I really need nature, quietness, and beauty to feel balanced. It, of course, affects my music production. I actually live in an urban area at the moment. I am living on site while a create a production studio. But I will move out to the countryside when my studio is finished. I spend a lot of time studying with tutorials to perfect my understanding of sound and production of sound using technology as well as naturally recorded musical instruments. My first productions, whilst simultaneously learning, have been very influenced by my need to express my poetry through music and not so much by my surroundings. But, I need quiet nonetheless for that, and fortunately, I have it here.
What do you do to relax in your free time?
I enjoy listening to the radio and watch some TV too, and I like browsing in second-hand markets for vintage and antiques. I also look into my family history and catch up with some of my DNA relatives, visiting places my ancestors lived etc. I’m hoping to produce an album called Blood Lines at some point.
What are three tips you would give to an aspiring producer just getting into the scene?
Number one, I would say is to focus on the music you want to produce. Don’t be pulled in too many directions by what others are telling you.
Two, don’t be afraid to copy at first and use others who produce music you love as reference tracks. Copy but change things within the composition to make it unique to you. Oh, and don’t be snobbish about using loops. They are fantastic things created with popular sounds in mind!
Three, if you’re an introvert like me, you will find it hard to network. But it’s necessary. So, again, find your own unique way to do that. Stay true to yourself.
Do you ever miss the times you spent working on Ibiza? What do you miss the most?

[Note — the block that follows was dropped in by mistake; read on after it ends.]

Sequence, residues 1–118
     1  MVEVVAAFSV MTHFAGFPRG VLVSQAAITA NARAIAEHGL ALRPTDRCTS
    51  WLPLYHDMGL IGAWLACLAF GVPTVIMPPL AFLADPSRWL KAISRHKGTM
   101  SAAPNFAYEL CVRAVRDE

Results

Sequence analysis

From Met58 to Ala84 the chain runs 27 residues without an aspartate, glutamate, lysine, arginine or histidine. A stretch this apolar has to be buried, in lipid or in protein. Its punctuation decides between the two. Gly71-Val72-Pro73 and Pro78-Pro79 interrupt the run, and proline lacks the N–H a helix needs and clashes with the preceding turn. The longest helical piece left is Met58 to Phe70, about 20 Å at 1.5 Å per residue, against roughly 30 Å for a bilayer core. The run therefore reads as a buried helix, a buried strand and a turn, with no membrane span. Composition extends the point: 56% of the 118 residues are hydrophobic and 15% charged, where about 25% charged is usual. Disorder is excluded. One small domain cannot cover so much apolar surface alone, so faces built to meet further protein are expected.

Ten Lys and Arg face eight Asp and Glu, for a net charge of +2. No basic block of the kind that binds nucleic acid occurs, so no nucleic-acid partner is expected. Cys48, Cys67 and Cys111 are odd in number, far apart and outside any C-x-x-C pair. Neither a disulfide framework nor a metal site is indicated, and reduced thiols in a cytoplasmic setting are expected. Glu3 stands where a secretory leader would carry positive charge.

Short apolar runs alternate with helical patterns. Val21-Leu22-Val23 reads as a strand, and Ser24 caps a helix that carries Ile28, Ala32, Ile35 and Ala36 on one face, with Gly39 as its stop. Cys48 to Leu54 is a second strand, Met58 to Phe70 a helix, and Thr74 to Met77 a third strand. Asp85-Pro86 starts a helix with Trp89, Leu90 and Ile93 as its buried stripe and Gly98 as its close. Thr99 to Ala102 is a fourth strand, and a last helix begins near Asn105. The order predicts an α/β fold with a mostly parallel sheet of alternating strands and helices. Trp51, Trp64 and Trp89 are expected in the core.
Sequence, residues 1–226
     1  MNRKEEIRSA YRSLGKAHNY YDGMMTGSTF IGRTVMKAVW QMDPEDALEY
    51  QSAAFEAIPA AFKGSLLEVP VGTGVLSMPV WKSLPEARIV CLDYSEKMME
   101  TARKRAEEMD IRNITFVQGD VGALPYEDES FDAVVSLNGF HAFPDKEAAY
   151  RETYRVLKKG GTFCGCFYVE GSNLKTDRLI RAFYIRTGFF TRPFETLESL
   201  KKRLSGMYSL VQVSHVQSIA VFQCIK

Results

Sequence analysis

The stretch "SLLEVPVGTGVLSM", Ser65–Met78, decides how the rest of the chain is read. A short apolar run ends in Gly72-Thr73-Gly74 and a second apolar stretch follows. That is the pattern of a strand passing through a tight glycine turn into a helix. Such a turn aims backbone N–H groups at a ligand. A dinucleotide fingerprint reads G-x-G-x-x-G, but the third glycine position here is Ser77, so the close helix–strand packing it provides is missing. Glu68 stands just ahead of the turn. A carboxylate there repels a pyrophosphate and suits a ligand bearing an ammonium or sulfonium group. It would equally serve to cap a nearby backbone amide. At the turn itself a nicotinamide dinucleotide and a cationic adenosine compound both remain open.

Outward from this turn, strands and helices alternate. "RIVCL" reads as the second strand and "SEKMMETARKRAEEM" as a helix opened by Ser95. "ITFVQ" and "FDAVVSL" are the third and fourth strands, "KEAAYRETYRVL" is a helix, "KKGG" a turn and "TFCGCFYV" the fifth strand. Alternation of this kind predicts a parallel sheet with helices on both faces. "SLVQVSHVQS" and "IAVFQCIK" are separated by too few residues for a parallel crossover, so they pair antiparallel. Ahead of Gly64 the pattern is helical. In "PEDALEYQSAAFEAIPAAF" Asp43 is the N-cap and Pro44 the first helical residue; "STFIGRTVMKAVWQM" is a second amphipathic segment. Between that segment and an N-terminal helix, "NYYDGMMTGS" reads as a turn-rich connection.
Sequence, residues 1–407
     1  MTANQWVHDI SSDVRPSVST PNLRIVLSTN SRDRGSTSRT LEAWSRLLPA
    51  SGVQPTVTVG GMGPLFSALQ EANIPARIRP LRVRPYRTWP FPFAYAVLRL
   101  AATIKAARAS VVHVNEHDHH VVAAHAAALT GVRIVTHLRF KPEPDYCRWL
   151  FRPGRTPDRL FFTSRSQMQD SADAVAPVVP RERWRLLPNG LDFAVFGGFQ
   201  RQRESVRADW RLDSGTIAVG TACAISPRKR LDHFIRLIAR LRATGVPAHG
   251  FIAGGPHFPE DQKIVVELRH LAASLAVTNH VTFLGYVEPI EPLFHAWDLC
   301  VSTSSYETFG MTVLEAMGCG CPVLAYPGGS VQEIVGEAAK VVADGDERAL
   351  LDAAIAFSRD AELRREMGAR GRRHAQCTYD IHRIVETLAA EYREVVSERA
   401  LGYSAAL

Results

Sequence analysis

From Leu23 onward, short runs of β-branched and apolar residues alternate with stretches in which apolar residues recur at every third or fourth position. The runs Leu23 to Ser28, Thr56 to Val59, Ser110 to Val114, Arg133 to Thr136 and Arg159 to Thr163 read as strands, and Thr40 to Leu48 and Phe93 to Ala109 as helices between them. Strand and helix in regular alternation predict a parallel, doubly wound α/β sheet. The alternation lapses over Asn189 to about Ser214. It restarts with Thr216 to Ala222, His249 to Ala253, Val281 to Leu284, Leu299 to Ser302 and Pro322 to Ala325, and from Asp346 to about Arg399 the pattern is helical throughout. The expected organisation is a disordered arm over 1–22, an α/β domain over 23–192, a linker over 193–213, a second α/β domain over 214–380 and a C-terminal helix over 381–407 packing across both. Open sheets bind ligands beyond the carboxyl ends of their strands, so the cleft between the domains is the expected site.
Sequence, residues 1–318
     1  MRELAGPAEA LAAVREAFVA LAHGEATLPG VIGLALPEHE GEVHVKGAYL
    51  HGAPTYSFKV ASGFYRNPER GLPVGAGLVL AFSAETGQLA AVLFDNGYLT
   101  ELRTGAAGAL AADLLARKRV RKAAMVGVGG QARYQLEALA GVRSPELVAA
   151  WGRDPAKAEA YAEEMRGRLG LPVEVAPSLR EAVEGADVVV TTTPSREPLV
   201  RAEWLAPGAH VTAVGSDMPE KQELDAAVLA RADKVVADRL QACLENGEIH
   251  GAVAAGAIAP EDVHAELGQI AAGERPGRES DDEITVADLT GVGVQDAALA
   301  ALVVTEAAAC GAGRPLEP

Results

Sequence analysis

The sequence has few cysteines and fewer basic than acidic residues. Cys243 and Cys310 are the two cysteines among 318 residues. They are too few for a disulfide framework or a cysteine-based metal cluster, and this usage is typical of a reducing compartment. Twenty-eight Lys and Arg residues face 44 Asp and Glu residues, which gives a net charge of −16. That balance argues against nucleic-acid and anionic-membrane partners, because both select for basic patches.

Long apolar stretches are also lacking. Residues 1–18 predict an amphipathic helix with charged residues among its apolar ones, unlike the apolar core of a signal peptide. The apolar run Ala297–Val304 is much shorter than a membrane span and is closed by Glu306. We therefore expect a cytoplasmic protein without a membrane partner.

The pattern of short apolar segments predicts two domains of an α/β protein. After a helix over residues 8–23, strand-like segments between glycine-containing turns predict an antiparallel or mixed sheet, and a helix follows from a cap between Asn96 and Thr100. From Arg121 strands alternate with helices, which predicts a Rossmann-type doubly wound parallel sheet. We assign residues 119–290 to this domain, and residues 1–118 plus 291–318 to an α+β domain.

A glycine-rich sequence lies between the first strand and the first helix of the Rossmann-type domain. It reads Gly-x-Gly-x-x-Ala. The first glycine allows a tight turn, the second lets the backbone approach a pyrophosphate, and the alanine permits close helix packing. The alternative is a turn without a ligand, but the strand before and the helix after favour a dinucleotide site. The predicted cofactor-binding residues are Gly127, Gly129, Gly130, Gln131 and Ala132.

Yes, sometimes I miss working on Ibiza. I miss the people more than the place itself.
Who were some of your favorite artists to work with?
My friend Bahramji is a fantastic artist with a unique style. I collaborated with him by giving him some coaching for his voice. Also, more recently, I met and worked with Riccicomoto, a DJ/producer who is still based in Ibiza. He did a wonderful trance style remix on my lounge beat song “Ibiza Sexbot.” I still collaborate regularly with Chris Le Blanc. He’s another great artist based in Munich who runs the Karma Loft label. I co-wrote songs from his album with him.
What are your future plans as they relate to your music career?
Currently, I am launching my own record label called ITCOP, which stands for In the Company of Poets. This will host a once monthly radio show on Radio Free Matlock as well as release my own songs as an artist. I will be furthering my studies this year by doing a certified DJ skills course in Sheffield. I also hope to do a Level 3 Music Technology course. And, I am even considering going to University as a mature student. I continue to produce and hope to release my first album before the end of the year.